Amapà, Brazil

June 2006

This is the story of a two deck boat, 22 metres long and 40 people aboard, with a special mission: sailing through the bunch of islands in the mouth of the Amazon river, investigating and judging. It’s the story of a floating court. But not only that, as the barco (how the boat is called in Brazilian) brings doctors and medicines, educational programs and psychological support to the local (and isolated) communities.

Every two monthts the barco reaches the isolated communities of the mouth of the river bringing with itself a judge, a psychologist, two lawyers appointed by the court, three policemen and a bunch of chancellors and secretaries. Moreover boxes of paperwork, computers, printers, food provisions and baggages.

The project was born for the initiative of Sueli Pereira Pini who, as a judge, challenging the prejudices and inactivity of Amapá Law Courts wanted to: “Remedy to the isolation seclusion that affects the archipelago inhabitants”. The aim is to bring a “fast and effectual justice founded on the mediation of conflicts.”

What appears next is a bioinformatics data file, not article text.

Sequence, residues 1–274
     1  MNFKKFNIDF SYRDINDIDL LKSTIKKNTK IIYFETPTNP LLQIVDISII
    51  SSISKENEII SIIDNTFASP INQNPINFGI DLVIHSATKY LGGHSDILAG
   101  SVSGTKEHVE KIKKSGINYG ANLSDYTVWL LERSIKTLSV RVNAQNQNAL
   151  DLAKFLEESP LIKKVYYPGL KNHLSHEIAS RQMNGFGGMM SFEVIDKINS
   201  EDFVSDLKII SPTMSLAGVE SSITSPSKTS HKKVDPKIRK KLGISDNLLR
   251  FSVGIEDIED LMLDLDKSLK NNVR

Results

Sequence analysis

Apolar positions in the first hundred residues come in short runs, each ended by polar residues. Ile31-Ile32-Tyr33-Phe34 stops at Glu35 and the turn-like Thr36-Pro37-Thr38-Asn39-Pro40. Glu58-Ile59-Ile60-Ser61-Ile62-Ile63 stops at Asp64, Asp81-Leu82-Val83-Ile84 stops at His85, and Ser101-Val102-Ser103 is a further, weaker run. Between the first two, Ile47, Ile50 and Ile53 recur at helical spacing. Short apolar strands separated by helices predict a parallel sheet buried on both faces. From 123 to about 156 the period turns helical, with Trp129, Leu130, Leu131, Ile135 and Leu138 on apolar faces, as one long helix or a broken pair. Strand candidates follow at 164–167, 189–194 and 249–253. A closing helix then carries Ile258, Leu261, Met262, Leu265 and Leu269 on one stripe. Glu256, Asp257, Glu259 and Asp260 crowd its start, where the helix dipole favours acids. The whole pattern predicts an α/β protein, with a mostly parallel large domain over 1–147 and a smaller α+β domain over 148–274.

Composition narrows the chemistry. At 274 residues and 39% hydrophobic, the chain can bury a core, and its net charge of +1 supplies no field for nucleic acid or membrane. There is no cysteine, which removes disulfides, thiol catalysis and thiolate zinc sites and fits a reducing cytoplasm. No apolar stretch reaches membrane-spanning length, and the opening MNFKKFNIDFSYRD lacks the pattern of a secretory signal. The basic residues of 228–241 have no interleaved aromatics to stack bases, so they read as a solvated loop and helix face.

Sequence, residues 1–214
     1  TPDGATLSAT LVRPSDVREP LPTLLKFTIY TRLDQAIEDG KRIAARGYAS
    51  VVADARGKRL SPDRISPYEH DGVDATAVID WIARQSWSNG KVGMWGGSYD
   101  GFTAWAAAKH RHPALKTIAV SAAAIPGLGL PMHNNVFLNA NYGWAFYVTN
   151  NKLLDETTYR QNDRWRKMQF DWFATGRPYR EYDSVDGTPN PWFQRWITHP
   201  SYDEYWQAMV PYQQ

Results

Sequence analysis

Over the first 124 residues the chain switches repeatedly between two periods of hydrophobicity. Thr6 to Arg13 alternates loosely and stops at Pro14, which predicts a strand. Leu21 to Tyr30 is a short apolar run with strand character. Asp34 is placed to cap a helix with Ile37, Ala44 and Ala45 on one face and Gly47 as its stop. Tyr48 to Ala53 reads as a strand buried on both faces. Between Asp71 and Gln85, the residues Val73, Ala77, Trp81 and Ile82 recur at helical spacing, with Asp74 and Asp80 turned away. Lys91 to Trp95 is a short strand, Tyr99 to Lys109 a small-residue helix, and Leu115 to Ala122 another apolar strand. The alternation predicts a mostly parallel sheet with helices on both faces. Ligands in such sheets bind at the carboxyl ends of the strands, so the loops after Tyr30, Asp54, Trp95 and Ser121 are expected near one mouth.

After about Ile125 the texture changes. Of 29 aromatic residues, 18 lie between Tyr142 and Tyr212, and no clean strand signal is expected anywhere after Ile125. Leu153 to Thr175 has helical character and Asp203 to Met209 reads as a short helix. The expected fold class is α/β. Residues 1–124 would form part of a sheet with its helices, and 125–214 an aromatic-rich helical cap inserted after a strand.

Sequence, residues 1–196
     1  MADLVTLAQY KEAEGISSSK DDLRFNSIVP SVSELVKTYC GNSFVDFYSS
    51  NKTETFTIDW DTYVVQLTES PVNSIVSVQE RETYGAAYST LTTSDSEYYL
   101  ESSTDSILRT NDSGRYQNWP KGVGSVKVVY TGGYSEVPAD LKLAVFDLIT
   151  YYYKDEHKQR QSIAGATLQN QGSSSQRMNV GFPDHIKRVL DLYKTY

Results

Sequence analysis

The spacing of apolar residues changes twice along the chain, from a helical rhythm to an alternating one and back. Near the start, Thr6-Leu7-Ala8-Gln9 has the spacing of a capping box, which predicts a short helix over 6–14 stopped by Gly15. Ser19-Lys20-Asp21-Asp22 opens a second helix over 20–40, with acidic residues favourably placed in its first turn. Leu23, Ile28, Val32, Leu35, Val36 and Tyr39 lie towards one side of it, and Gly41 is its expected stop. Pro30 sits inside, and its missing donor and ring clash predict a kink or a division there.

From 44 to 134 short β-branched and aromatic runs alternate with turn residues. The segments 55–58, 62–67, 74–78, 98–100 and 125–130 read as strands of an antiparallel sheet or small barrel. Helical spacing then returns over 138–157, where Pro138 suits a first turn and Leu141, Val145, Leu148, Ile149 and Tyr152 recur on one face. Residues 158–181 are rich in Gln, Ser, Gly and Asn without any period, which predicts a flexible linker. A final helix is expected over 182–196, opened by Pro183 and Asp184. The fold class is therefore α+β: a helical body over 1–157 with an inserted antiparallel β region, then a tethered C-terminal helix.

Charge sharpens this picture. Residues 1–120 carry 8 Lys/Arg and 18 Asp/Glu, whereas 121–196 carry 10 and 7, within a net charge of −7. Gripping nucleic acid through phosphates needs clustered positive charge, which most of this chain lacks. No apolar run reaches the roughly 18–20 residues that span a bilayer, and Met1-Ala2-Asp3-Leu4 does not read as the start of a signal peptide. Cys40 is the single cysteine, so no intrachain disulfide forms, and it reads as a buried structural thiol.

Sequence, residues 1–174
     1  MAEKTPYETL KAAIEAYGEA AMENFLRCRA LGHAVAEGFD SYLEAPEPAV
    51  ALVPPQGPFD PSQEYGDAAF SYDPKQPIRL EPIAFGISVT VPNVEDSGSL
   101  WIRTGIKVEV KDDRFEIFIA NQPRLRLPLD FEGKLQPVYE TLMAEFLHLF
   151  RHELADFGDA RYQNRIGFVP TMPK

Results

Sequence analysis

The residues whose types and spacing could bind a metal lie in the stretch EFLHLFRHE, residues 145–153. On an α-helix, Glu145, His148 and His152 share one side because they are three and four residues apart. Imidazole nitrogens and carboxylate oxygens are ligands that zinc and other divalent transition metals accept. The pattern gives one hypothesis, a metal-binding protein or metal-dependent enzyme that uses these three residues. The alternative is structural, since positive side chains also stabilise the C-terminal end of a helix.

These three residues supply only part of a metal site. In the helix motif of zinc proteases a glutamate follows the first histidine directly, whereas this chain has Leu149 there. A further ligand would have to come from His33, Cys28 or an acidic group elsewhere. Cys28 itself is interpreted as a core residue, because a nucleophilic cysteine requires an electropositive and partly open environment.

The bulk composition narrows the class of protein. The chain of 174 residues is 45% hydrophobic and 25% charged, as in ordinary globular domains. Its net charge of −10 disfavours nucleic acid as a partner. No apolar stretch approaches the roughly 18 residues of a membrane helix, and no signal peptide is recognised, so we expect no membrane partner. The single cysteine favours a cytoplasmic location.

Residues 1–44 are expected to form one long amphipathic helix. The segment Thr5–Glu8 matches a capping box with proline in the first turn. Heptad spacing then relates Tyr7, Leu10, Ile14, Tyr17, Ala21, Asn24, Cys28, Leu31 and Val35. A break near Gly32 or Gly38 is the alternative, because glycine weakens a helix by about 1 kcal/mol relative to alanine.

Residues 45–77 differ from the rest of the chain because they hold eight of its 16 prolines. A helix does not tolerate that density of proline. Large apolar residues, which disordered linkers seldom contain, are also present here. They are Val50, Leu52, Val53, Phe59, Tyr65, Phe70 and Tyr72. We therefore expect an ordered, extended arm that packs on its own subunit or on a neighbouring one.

During ten years of activity more than six thousands people benefited from the Justicia Fluvial Itinerante and many others have been the medical operations and the ones for water purification in local communities.

The judge of the boat Matias Pires Neto says: “To come here means, as a matter of facts, to distribute courage to the people, illustrate them their right to denounce abuse and the importance of the rejection of violence and abuse as daily rules. It means to offer social inclusion and self-respect that is the crucial point in all Brazil: from San Paolo favelas to Amazonia”.